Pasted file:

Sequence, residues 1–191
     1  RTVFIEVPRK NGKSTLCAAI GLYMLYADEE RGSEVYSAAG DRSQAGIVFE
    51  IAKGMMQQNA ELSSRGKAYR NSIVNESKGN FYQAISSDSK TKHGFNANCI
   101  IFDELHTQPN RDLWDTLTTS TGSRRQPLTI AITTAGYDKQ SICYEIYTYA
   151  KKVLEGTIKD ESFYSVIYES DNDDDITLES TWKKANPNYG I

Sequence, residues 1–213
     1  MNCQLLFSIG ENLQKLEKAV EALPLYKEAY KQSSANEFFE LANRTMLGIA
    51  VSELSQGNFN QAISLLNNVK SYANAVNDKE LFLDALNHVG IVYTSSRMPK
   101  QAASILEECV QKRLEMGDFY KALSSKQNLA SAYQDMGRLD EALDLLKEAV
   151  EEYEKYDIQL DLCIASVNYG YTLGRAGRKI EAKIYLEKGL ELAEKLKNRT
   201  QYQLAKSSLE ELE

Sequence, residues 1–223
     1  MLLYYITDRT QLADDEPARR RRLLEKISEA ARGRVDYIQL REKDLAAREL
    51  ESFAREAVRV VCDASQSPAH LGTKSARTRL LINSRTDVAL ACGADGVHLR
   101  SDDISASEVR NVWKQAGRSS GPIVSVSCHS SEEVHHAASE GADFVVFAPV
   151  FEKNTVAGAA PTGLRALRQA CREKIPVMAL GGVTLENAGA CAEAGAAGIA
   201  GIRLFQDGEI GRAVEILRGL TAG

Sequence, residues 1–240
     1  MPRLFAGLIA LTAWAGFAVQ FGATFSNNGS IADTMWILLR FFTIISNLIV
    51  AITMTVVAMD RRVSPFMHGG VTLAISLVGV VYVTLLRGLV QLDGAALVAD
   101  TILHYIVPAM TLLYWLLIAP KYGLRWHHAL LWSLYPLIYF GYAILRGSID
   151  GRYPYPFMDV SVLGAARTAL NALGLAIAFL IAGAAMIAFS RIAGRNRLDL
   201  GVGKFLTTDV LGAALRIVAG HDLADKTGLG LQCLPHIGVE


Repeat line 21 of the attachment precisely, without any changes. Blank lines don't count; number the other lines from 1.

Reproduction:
   101  TILHYIVPAM TLLYWLLIAP KYGLRWHHAL LWSLYPLIYF GYAILRGSID